The December IPO market produced a pair of new offerings. Only once in the preceding 15-year period has the month of December seen a lower IPO count, as 2008 failed to produce a single IPO for the month in the midst of the financial crisis.
The year ended with 152 IPOs, a disappointing tally following the 244 IPOs in 2014. Setting aside 2008 and 2009, the 2015 total was, however, largely in line with the annual average of 157 IPOs that prevailed over the ten-year period preceding 2014.
Gross proceeds in 2015 were $25.17 billion, the third lowest annual total over the last ten years, and almost two-thirds below the $74.39 billion raised by IPO companies in 2014. The 2015 total was almost one quarter below the average annual gross proceeds of $32.92 billion over the ten-year period preceding 2014.
The low gross proceeds total for 2015 is partly explained by the high proportion of IPOs by life sciences companies, which typically have smaller offerings. Life sciences companies accounted for 47% of all US IPOs in 2015, up from 40% in 2014 and 28% in 2013.
The paucity of large IPOs in 2015 also contributed to the gross proceeds shortfall compared to prior years. There was only a single billion-dollar IPO in 2015 with a further seven raising gross proceeds of at least $500 million, compared to nine billion-dollar IPOs in 2014 with a further 15 raising $500 million or more, and six billion-dollar IPOs in 2013 with a further twelve raising at least $500 million.
Emerging growth companies (EGCs) accounted for all but ten IPOs in 2015, or 93% of the total, compared to 85% of all IPOs in 2014 and 82% in 2013.
The median IPO offering size in 2015 was $91.7 million, down 5% from $96.0 million in 2014 and the second lowest annual figure since 2000. The median offering size for IPOs by EGCs in 2015 was $81.0 million, compared to $450.5 million for non-EGC IPO companies.
The lower overall median offering size in 2015 reflects the higher proportion of IPOs by life sciences companies during the year. The median offering size for non-life sciences IPO companies in 2015 was $128.5 million, slightly above the $128.1 million median figure for non-life sciences IPOs that prevailed over the preceding five-year period.
Life sciences companies likewise impacted median annual revenue and profitability statistics. The median annual revenue of IPO companies in 2015 was $37.8 million—45% below the $68.2 million median figure for 2014 and 65% below the $108.8 million median figure for the five-year period preceding 2014. The median life sciences IPO company in 2015 had annual revenue of $0.1 million, compared to $120.1 million for all other IPO companies.
The percentage of profitable IPO companies declined to 30% in 2015 from 36% in 2014 and 46% in 2013. Only 6% of life sciences IPO companies in 2015 were profitable, compared to 53% of all other IPO companies. The latter figure is not dissimilar than the 57% that prevailed over the five-year period preceding 2015 for non-life sciences IPO companies.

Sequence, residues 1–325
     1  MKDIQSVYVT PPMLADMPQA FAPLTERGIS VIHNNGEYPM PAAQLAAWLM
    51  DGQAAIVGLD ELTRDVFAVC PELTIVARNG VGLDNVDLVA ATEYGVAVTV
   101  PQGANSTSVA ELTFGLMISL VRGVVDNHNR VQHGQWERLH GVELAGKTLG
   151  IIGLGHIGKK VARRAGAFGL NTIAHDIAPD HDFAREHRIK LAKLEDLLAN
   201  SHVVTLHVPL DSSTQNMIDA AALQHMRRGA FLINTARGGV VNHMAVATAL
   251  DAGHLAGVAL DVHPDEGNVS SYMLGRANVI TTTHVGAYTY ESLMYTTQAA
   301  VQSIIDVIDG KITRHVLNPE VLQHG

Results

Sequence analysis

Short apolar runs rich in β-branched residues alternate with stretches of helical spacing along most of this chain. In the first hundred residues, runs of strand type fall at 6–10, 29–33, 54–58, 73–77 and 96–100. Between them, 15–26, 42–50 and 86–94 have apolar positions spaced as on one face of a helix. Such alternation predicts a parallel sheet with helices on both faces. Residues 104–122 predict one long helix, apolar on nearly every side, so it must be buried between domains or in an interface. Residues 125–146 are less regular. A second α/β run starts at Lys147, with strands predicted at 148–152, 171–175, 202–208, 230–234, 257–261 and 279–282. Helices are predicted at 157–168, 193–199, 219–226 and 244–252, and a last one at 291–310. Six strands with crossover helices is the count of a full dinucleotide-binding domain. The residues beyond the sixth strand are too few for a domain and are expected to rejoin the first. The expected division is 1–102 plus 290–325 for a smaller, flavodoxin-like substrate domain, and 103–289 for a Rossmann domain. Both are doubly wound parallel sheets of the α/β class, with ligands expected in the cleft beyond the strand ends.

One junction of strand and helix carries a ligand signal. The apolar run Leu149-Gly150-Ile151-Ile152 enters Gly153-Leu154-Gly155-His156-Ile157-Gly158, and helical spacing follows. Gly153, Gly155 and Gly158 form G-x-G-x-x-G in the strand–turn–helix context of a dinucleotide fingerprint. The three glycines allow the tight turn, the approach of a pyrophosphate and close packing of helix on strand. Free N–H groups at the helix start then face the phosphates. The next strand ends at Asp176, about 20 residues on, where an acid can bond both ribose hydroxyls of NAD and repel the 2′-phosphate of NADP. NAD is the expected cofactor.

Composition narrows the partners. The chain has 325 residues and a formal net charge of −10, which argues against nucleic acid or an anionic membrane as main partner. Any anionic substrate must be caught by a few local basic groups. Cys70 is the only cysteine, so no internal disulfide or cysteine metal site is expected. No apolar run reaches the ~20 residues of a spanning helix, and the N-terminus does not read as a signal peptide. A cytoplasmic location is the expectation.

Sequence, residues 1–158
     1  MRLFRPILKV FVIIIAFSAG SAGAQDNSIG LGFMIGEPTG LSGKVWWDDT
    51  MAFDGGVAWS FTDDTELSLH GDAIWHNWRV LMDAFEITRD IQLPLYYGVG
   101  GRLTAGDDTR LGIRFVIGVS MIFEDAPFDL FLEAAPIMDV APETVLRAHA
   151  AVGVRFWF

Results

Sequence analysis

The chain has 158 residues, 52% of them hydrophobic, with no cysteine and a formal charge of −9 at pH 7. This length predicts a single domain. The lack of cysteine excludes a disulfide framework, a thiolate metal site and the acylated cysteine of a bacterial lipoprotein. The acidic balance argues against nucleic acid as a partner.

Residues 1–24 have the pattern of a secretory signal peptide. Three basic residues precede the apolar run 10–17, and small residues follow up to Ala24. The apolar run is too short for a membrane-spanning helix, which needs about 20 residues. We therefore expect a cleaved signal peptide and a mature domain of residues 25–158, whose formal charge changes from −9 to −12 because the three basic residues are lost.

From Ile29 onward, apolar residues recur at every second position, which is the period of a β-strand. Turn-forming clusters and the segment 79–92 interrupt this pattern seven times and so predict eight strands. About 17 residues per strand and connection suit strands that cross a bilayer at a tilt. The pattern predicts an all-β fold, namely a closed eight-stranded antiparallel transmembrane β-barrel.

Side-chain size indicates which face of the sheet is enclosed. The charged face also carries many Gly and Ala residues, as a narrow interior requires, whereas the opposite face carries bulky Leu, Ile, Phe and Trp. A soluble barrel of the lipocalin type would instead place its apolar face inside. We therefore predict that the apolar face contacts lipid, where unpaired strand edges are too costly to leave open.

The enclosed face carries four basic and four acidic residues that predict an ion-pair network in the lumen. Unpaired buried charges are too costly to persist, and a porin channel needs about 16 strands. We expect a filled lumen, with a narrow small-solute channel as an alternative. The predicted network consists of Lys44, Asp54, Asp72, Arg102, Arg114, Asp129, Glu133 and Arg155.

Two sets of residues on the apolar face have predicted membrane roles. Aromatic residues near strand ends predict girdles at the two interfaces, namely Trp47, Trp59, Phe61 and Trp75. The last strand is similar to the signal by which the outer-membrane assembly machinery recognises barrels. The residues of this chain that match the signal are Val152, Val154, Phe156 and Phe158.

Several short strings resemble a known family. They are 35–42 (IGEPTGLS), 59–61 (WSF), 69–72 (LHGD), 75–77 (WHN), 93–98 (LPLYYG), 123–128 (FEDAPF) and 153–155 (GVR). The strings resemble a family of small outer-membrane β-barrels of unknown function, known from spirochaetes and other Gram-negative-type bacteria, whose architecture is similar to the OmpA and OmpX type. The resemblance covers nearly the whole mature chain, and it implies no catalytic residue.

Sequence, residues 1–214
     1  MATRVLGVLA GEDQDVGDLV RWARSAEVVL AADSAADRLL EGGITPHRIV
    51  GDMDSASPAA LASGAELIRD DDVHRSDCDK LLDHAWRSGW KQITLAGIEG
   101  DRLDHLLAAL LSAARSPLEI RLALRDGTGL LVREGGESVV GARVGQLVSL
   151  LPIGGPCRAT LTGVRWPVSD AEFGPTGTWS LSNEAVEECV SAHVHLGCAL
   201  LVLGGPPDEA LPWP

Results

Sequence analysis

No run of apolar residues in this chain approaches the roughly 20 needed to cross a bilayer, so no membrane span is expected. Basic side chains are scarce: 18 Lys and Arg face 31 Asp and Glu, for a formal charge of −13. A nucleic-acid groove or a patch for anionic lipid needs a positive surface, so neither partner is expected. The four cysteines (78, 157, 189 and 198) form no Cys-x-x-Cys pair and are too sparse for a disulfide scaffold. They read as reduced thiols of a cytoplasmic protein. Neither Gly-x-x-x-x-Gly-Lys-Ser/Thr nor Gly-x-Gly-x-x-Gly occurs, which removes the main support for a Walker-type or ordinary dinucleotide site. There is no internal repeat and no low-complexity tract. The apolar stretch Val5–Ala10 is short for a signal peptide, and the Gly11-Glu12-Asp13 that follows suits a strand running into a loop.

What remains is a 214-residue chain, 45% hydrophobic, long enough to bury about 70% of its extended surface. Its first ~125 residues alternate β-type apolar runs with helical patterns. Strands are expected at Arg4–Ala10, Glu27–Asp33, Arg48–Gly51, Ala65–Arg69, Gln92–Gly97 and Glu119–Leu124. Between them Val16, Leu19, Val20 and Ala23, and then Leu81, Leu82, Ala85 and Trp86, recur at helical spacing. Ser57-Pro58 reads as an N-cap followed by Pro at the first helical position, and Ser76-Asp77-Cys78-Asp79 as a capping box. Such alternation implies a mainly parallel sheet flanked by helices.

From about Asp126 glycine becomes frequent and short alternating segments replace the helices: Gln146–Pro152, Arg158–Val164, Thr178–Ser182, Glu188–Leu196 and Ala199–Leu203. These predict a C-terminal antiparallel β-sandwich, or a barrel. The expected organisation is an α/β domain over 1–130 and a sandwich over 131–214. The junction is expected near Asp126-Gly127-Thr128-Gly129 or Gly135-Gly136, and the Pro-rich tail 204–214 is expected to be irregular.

The average 2015 IPO produced a first-day gain of 16%, the second highest annual average first-day gain figure since 2000 behind only the 21% average first-day gain figure for 2013. Over the course of the year, 26% of IPOs were “broken” (IPOs whose stock closes below the offering price on their first day), just below the 27% for full-year 2014, but slightly higher than the 25% figure that prevailed over the five-year period preceding 2014.
At year-end, the first-day gain for the average 2015 IPO company had been entirely erased with the average 2015 IPO company trading 0.4% below its offering price. The average 2015 life sciences IPO company was down 1% from its offering price while the average 2015 non-life sciences IPO company eked out a tiny fraction of a one percent gain.
All but one of the top ten performers at year-end based on percentage gain from offering price were life sciences companies. Seven of the ten worst performers were also life sciences companies.
While 28% of 2015 IPO companies were trading at least 20% above their offering price at year-end, 55% of the year’s IPO companies were trading below their offering price and 68% of all 2015 IPO companies were trading below their first-day closing price.
IPO activity in December consisted of offerings by the following companies listed in the order they came to market:
- Atlassian, a provider of enterprise software tools for project management and collaboration, priced above the range and produced a first-day gain of 32%.
- Yirendai, a leading online consumer finance marketplace in China connecting investors and individual borrowers, priced at the midpoint of the range and ended its first day of trading down 9% from its offering price.